The right to vote, and the right not to vote

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Editor:

As our national election draws near, we are sure to hear complaints of “voter apathy.”

While I vote in every election, I take offense at those claiming nonvoters are somehow “un-American” or irresponsible. Just as I have a right to vote, others have a right not to vote.

A voter’s responsibility is to vote for the candidate they feel will govern best. But what if none of the candidates are acceptable to the voter?

Does the voter have the “responsibility” to vote for one of them anyway? No. Voters should have the choice of “none of the above,” and if that wins, new candidates should be chosen and the election began anew.

Sometimes voter apathy is really just a case of not offering the voter a candidate agreeable to them. Perhaps the nonvoter is looking for a candidate who seeks ways to save taxpayer money instead of ways to spend it, and perhaps the nonvoter hasn’t found that candidate yet.

Furthermore, candidates who win must be held accountable.

Ohio’s present governor won the election by lying about his plans for future taxation. And what happened? Nothing.

His fraudulent campaign gained him an election win, and the political system does nothing to punish those who win through lies and deception.

It is no wonder many people do not vote when they see the lack of accountability in our present system.

When someone lies to a judge, they are charged with perjury and thrown in jail (except Bill Clinton, of course).

But when a politician influences an election by lying to an entire state of taxpayers, he is rewarded with an election win.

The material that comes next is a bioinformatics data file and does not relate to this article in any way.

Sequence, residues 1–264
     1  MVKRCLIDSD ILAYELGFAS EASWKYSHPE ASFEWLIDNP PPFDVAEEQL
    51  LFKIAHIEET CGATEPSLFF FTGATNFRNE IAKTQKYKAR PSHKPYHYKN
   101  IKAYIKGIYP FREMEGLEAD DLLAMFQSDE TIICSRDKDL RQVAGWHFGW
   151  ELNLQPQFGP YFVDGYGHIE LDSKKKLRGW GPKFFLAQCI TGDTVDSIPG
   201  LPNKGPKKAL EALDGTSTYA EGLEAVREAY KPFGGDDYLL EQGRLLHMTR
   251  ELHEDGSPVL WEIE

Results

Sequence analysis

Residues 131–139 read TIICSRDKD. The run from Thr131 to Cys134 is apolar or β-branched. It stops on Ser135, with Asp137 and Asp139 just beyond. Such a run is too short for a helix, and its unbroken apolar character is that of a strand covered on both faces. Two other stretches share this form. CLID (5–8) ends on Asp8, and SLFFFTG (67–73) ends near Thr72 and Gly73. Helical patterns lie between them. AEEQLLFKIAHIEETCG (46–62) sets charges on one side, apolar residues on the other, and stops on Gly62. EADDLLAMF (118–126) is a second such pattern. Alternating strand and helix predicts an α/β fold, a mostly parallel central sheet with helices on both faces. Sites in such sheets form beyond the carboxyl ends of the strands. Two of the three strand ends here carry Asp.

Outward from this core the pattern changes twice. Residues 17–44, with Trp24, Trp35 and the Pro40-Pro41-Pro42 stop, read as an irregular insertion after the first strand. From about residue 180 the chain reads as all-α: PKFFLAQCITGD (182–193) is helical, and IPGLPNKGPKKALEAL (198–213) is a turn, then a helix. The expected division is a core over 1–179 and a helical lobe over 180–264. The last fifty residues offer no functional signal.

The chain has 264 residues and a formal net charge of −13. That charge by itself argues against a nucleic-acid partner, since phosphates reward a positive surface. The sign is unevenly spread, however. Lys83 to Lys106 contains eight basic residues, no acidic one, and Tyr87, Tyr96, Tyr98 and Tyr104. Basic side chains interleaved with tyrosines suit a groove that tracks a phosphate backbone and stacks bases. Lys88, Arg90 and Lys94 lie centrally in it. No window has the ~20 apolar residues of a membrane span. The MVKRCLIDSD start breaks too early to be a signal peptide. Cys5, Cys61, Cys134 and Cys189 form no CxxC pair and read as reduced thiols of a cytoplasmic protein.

There should be a penalty when politicians lie to voters. After all, politicians are supposedly working for us, not us for them.

Politicians should be held accountable for their campaign pledges, and the voters should have the choice of recall when they find they have been lied to.

Recalls must be made more easily available for voters to rid themselves of fraudulent politicians.

Of course, in nearly every election there are always new taxes to vote upon, but when a tax levy fails, it reappears on the ballot continuously until it passes.

This is not the “will of the people”; this is the will of the politicians. This is telling people their “no” vote will be continuously disregarded until the will of the politicians wins the day.

There should be a limit on how often any levy appears on a ballot, and there should be a considerable time before the same levy appears on the ballot again.

When people vote “no,” it should count for something. A tax levy appearing on the ballot over and over until it passes is simply a way of politicians telling us that our vote doesn’t count unless the vote goes the way the politicians wish.

Lack of real choice, no accountability, fraudulent campaigns, continuously disregarded tax levy votes. Is the problem really voter apathy? I think not. Voter disgust would be more appropriate.

Terry Crock

Massillon, Ohio

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